Back in the nineteen-seventies and eighties, we would fish in the Long Bottom area of Bull Shoals all night long, under submerged lights. At that time we would catch all species of fish, and a number of big rainbow trout, some up to 5 or 6 pounds. Many of them had gashes across the body, and at that time it puzzled me. It doesn’t anymore.
The lake had big stripers in it and I can tell you with no doubt that stripers are death on trout; their favorite food, even above shad. It finally came together one night when I was on a KMOX- St. Louis radio station outdoor program. There was a fellow on with me by the name of Tony Albright who owned a resort with guide service on the Missouri arm of the lake south of Theodosia. He was touting his fishing service for great striper fishing on Bull Shoals where he and his clients were catching huge stripers. Of course the stripers came from fish stocked long ago in both states, they do not spawn there.
Down the lake from that long bottom area about a mile, the Arkansas Fisheries department had several giant net pens that were full of trout, kept there and fed all winter, then released in April as the water began to warm. In the deeper parts of the lake, there was water that stayed cold all year long… a perfect situation to grow big trout, with the lake full of their favorite food, gammarus (fresh water shrimp) and small threadfin shad.
In time the big stripers declined thanks to Allbright’s very good job of promoting ways to catch them. As a result, the fisheries department in Arkansas began to contact boat docks in the Arkansas side of the Bull Shoals, which is about 75 percent of the lake, and giving them smaller winter net pens to attach to their dock, filled with 7- or 8-inch trout. Dock owners would feed them the food the game and fish department would supply and in the spring, after several months of feeding, the trout would average twelve or thirteen inches in length. When released, thousands of them swarmed out into the lake and fishermen bought trout tags and caught good numbers of them. I guess the Arkansas fisheries people and the Missouri fisheries people got along fairly well back then. That isn’t the case now. There’s some grumbling going on.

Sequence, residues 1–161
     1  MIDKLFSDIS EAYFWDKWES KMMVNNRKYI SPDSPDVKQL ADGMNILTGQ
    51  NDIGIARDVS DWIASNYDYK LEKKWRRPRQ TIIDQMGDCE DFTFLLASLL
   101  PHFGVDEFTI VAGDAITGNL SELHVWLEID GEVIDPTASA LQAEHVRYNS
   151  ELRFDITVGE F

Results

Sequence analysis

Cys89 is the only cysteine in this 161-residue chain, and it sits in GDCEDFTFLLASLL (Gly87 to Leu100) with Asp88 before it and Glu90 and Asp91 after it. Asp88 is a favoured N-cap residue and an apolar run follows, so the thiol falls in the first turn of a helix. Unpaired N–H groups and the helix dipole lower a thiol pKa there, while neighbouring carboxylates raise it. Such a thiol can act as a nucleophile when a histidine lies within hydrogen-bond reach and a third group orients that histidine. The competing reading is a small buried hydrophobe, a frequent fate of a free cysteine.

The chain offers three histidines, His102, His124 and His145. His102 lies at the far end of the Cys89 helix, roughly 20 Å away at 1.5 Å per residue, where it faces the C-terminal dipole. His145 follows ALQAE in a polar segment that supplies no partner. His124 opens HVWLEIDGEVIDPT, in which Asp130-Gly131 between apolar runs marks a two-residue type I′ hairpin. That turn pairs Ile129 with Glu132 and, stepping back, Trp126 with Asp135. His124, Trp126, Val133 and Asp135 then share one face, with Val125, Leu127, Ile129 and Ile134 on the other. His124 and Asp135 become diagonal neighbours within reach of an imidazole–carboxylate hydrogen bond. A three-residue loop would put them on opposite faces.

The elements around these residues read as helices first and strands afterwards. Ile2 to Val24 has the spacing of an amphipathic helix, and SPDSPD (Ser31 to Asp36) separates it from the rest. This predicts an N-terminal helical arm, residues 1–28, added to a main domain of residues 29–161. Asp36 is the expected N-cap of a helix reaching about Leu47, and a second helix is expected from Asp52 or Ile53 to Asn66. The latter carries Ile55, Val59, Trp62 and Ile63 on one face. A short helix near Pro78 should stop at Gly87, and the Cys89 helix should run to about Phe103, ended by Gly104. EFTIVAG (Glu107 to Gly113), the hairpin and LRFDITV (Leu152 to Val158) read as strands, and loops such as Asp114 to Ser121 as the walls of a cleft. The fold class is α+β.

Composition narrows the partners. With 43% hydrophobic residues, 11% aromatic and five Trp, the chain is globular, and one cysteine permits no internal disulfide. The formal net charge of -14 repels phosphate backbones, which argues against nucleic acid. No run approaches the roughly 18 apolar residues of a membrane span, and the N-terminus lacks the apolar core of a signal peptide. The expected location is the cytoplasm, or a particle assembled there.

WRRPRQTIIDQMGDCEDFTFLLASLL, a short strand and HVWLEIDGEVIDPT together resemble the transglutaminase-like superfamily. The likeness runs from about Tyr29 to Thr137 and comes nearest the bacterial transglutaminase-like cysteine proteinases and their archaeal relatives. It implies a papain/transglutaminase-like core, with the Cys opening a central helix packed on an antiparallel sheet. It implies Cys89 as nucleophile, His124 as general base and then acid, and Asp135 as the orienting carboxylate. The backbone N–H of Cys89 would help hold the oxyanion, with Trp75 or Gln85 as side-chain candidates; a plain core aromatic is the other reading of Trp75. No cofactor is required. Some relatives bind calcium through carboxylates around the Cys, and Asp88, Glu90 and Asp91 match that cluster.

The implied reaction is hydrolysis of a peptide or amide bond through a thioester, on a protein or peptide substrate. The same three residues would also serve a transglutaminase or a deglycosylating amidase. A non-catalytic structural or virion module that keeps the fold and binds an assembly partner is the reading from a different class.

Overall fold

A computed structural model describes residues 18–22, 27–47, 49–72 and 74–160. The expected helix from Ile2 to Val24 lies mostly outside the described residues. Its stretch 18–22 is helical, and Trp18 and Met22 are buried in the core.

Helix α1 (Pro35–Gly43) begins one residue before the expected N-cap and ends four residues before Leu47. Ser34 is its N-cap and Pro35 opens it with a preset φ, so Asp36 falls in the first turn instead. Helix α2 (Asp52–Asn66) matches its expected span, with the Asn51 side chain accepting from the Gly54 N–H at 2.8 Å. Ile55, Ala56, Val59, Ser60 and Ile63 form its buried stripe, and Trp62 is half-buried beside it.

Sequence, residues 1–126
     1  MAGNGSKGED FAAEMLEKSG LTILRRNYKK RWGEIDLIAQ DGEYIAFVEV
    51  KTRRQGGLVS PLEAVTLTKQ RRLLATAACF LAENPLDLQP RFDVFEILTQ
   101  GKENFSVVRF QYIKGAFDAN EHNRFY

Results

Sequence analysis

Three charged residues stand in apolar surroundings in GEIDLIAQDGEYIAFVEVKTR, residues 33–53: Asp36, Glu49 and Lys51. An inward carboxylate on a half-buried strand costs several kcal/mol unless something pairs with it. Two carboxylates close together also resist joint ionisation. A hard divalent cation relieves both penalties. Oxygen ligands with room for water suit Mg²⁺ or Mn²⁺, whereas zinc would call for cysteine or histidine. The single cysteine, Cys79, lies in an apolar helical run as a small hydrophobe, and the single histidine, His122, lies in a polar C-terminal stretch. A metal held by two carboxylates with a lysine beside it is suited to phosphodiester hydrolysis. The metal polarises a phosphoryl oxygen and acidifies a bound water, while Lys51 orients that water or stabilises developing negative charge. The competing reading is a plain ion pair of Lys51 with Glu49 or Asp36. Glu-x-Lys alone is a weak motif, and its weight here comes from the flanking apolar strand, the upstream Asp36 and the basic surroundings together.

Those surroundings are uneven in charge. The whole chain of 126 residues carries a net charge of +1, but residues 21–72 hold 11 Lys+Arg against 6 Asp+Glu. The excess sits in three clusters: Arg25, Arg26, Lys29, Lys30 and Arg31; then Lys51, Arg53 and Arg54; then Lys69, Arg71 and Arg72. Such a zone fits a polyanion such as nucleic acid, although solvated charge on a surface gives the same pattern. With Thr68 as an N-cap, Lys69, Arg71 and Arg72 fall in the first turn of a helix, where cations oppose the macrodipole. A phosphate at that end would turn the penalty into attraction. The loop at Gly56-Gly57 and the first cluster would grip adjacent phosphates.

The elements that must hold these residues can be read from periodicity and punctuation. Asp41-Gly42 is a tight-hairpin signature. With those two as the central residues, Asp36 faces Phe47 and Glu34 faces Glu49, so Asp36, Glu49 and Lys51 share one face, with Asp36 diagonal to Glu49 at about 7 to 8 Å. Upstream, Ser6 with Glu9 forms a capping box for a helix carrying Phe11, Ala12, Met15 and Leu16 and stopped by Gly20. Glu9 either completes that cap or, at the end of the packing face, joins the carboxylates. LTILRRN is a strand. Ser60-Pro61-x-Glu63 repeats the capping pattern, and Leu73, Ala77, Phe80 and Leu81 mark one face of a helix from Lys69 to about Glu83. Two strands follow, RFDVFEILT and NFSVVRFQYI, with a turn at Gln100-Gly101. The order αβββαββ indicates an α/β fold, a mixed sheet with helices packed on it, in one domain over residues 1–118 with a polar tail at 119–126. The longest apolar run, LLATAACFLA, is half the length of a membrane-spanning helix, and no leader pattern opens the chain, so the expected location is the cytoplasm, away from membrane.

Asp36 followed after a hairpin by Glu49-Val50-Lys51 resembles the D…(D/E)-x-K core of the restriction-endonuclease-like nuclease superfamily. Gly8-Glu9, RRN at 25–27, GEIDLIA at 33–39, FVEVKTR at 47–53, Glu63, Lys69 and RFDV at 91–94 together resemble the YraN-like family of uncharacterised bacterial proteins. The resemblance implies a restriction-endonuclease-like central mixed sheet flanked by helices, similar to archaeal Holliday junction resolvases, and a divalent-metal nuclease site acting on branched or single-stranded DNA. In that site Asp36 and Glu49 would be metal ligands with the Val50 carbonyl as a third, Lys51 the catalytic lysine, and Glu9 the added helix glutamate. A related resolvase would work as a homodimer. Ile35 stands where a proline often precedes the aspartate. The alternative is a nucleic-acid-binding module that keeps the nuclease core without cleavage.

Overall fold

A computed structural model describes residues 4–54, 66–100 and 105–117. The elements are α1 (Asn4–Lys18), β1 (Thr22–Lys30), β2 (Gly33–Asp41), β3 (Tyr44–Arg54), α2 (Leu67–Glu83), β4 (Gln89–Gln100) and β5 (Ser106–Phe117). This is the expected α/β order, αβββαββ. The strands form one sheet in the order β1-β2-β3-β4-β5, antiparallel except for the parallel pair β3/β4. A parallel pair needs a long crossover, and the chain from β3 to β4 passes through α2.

Missouri has effectively caused the trout program in Arkansas to be worthless, with plans to release up to a half million stripers in their side of the lake, to be continued each year. They have made these plans without consulting with the Arkansas Game and Fish Commission or taking into account Arkansas’ trout program. I have been told that Missouri’s fisheries people think the stripers will quickly grow to giant sizes because of the trout still living in the lake giving them such a fine food source.
On Bull Shoals during the month of December, I came across two young University of Missouri students, who were trying to find transmitter-fitted stripers that had been released in that Missouri side of the lake. Apparently the fish had gone into Arkansas because the two fisheries students were not finding them.
Last week some animosity on the Arkansas side of Bull Shoals was beginning to show. The Missouri Department of Conservation had contact an Arkansas resort on Norfork to reserve rooms and cabins for two months, so a crew of Missouri University students could fish all spring with Arkansas guides to catch stripers out of Norfork. In Norfork they do actually have successful spawn during some high-water spring rains. The resort owner said ‘no’ to the proposal and some guides are saying the same thing. A local resort owner who is a good friend of mine says the whole thing shows a lot of gall from the MDC. “The Missouri fisheries people want to take our Norfork stripers and take them to Bull Shoals where they can destroy the Arkansas trout stocking program. Folks down here don’t like it.”
He went on to say that the striper fishing in Norfork still is good, but there are few fish caught that exceed ten pounds now. “It seems that bigger stripers are rare,” he told me. “And for the last few years, thousands of stripers have died in the lower part of the lake.”
I will write more about that striped bass die off in a future column, and tell you how all of a sudden, you can catch Norfork Lake stripers way up in a Missouri tributary from a canoe or kayak or from the bank. Now what a story that has become!
In the meantime, I suggest that the MDC send some folks down to the AGF to discuss a way to make fishing better on both sides of each lake. Obviously the MDC sees a way to make a lot of money from stripers in Bull Shoals or they wouldn’t be doing this. Possibly they have some special striper tag in mind that would raise another million dollars. But if they cooperated with the fisheries people in Arkansas and both sides decided to have big stripers in Norfork and add trout pens on the Missouri side of Bull Shoals, you could add to the coffers in the Missouri side by selling a special Bull Shoals trout tag, and a special striper tag on the Missouri side of Norfork. But first the MDC should listen to Arkansas fisheries biologist. That seems to be a reasonable and polite thing to do with a neighbor.
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